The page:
As the 2020 elections draw closer, it’s no surprise that potential policy changes that could impact the economy have drawn increasing attention. One component that investors are asking about now are possible tax changes that have planning implications.
It’s worth noting that ultimately, tax law changes take both time and negotiation and are dependent on the president and congress arriving at agreement. It’s also important to remember that a number of current rules sunset at the end of 2025 under current law and without any action needed by either the president or congress. Lastly, given the stimulus efforts, it’s possible the tax increases are needed regardless of the “party in power.”
Directionally, though, there are generally two potential scenarios, says Michael D. Lum, a Senior Wealth Planning Strategist for Wells Fargo Private Bank. “Continue with the types of tax policies currently in place, including the sunset of many current rules, or possibly see changes that may have implications for wealth planning.”
Since we know the current rules, here, Lum shares the details of four specific tax-related policy proposals to watch.
1. Potential reduction in the estate tax exemption
The estate tax exemption, which in 2020 is at a historic high of $11.58 million per person, is one of those items scheduled to sunset and drop back to about half of that in 2025 regardless of who wins the election). This could potentially be reduced earlier depending on the administration and is one of the proposals in focus for families today
“Policies could be changed to reduce the exemption,” Lum says. “The result is that some of the estate planning tools, including certain types of trusts and powers appointment, would need to be created or revisited. This needs to be an ongoing process anyway, but in times of uncertainty, taking control of this aspect of a family’s wealth plan is even more important.”
2. A potential reduction in the gift tax exemption and potential elimination of annual exclusion gifts
Though the lifetime gift tax exemption is currently the same as the estate tax exemption— $11.58 million—Lum says there has been talk of reducing the gift tax exemption to $1 million, so that the gift and estate tax exemptions would no longer be the same. Lum also says there is potential that the annual exclusion gift of $15,000 per person could be eliminated.
“A reduction in the gift tax exemption to $1 million would not only significantly affect gift tax planning, but also likely curtail the ability to plan for asset protection,” Lum says.
Lum offers another consideration: “In a commonly used technique that provides liquidity to estates to cover estate taxes, people often use annual exclusion gifts to irrevocable life insurance trusts to help pay life insurance premiums. Instead, they might consider transferring income-producing assets to those trusts and using that income to pay the premiums.”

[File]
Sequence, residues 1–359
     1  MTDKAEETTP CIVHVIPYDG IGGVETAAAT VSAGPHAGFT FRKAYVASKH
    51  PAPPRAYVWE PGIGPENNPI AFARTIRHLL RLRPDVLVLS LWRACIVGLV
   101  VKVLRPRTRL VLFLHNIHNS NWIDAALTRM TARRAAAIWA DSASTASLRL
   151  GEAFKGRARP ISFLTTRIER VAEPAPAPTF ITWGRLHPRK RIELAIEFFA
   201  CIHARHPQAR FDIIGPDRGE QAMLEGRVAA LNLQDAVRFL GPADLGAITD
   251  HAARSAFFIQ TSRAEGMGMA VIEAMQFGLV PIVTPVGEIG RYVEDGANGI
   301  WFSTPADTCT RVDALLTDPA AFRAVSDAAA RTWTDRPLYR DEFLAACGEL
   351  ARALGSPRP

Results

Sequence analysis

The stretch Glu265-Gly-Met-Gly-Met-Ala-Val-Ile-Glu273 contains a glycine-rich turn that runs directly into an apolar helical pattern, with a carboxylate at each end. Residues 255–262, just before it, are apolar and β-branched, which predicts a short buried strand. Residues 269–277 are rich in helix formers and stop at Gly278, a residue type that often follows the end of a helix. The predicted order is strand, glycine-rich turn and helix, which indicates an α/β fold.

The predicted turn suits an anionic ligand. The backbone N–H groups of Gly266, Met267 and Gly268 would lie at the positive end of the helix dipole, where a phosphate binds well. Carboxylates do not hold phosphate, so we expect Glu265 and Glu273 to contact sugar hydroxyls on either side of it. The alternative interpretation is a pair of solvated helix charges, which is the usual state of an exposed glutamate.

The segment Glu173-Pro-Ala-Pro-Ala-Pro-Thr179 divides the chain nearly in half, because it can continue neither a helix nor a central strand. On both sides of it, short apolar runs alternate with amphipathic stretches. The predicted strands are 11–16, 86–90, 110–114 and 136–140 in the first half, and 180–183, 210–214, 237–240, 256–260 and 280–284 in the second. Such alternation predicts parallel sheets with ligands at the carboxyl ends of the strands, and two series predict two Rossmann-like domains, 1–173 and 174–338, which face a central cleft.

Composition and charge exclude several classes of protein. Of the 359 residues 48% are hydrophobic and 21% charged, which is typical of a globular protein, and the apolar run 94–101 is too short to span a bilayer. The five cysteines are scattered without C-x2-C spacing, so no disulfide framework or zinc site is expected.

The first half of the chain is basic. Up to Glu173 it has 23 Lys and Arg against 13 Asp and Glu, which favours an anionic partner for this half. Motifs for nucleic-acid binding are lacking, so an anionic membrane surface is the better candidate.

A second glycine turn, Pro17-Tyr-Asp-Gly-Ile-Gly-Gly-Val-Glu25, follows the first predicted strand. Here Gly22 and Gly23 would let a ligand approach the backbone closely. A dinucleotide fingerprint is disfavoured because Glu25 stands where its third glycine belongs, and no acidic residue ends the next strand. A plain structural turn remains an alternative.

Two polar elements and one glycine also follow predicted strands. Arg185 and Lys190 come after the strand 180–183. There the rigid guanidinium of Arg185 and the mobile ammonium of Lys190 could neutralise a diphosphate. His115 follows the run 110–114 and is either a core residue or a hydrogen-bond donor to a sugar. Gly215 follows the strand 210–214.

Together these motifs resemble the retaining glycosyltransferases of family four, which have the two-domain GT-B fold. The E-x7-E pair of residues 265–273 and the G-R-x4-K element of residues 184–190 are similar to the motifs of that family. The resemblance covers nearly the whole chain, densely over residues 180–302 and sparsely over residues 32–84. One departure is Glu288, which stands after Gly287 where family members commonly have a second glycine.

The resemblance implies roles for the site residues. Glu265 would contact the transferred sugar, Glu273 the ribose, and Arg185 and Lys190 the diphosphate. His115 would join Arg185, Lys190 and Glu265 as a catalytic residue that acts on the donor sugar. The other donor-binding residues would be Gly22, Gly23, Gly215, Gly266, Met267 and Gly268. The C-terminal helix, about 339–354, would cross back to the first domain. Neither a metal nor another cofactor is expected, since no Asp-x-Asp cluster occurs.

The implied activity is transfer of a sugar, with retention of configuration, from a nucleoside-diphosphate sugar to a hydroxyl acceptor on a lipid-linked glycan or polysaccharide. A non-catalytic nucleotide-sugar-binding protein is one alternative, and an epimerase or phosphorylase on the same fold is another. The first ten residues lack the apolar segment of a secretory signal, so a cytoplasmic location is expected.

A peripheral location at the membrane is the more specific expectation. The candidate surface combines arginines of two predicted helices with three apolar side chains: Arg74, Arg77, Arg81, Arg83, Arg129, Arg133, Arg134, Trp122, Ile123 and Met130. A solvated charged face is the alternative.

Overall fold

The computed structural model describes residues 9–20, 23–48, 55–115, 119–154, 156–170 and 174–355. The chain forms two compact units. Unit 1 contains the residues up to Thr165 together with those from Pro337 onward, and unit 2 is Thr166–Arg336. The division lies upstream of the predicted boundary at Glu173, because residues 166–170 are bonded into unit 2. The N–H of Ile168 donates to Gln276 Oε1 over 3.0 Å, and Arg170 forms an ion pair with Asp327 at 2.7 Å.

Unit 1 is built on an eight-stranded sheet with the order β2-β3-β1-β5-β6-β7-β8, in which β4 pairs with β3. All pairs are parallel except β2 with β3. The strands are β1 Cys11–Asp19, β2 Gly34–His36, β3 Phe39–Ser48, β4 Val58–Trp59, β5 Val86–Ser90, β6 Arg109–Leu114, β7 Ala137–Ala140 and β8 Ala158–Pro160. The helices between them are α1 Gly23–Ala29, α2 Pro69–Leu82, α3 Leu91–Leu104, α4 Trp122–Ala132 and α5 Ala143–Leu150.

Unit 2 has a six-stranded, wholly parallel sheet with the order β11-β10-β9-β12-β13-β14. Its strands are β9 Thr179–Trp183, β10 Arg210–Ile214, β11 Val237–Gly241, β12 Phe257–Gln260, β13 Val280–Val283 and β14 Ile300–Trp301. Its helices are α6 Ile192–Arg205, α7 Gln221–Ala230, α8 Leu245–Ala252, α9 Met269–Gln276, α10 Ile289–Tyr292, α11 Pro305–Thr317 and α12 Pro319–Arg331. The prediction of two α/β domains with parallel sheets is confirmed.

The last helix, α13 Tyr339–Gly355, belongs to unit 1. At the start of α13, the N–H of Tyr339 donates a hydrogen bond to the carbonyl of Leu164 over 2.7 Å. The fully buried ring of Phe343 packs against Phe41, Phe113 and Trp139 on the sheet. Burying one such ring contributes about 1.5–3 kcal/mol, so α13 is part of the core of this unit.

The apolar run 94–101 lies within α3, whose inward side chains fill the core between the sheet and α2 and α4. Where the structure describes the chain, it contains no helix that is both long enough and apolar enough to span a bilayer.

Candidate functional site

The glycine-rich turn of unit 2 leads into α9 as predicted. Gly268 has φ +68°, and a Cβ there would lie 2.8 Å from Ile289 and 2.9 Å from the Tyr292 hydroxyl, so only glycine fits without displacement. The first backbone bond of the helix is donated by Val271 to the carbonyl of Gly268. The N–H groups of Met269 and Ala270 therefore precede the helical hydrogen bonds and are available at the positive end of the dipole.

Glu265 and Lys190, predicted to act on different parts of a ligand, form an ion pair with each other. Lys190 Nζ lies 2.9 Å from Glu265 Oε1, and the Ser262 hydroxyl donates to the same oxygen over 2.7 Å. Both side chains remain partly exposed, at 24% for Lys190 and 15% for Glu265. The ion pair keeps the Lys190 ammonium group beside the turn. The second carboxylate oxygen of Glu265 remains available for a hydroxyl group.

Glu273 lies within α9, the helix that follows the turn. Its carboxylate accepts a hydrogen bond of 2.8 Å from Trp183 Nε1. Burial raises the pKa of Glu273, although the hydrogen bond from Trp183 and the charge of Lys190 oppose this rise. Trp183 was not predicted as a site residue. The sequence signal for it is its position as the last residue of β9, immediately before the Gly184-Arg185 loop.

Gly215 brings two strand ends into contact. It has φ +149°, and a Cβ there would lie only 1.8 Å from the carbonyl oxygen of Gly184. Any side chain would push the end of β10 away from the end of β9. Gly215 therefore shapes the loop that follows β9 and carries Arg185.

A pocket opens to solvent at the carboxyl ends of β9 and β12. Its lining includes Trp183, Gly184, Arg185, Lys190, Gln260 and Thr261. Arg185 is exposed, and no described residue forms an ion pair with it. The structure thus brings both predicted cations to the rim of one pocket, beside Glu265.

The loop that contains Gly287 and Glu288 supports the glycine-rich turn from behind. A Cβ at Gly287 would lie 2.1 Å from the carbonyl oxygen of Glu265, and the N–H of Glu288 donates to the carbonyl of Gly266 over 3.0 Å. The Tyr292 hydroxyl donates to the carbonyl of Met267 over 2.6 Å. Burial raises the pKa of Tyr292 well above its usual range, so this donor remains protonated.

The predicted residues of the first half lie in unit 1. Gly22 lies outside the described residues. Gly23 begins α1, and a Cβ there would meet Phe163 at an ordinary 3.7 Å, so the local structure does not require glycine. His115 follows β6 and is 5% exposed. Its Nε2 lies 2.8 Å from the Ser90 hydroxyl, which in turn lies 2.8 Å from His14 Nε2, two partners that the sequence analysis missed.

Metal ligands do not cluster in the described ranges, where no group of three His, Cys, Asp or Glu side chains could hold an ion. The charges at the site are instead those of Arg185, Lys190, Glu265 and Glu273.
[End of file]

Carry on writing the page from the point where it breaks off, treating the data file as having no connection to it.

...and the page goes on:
3. A repeal of step-up in basis
At the death of a person owning a capital asset, the step-up in basis policy eliminates built-in capital gains that accrue during life. This allows heirs to inherit property free of built-in gain and to take a basis in the inherited property equal to its fair market value at the time of the benefactor’s death. If this policy is repealed, heirs would take a carryover basis in inherited property and, upon sale, would have to pay capital gains taxes not only on the gain accruing during the time they owned the asset, but also on the gain accruing during the time the benefactor owned the asset.
“A large part of wealth planning centers on the ability to minimize capital gains taxes on assets—such as stocks and real estate—that can appreciate significantly between the time they were purchased and the time they are passed on to an heir,” Lum says. “A change in the policy could change estate planning for capital gains.”
4. An increase in long-term capital gains tax
Another potential policy affecting capital gains is a proposal to increase the tax rate applicable to long-term capital gains. “Long-term capital gains are taxed at a different rate than ordinary income,” Lum says. “A high-income earner might be in the 37% income tax bracket, but only pay 23.8% on capital gains. One proposed change would be to tax everything above $1 million at the highest rate, currently 37%. Investors considering making a sale that could be subject to this policy might want to consider doing so sooner rather than later. We are seeing an uptick in merger and acquisition activity amongst the entrepreneurial families we serve.”
At the moment, all of these policy changes are just talk, Lum points out. It’s possible nothing will change, at least not in the near term, regardless of who wins in November.
“That said, if these policies do come to pass, they could significantly impact a high-net-worth individual’s wealth plan,” Lum says. “We recommend meeting with your wealth planning strategist well ahead of the election to address these proposals. We can talk about your financial goals and perhaps adjust the timing of some of your wealth-planning decisions to help your wealth accomplish its job for you, your community, and your family.”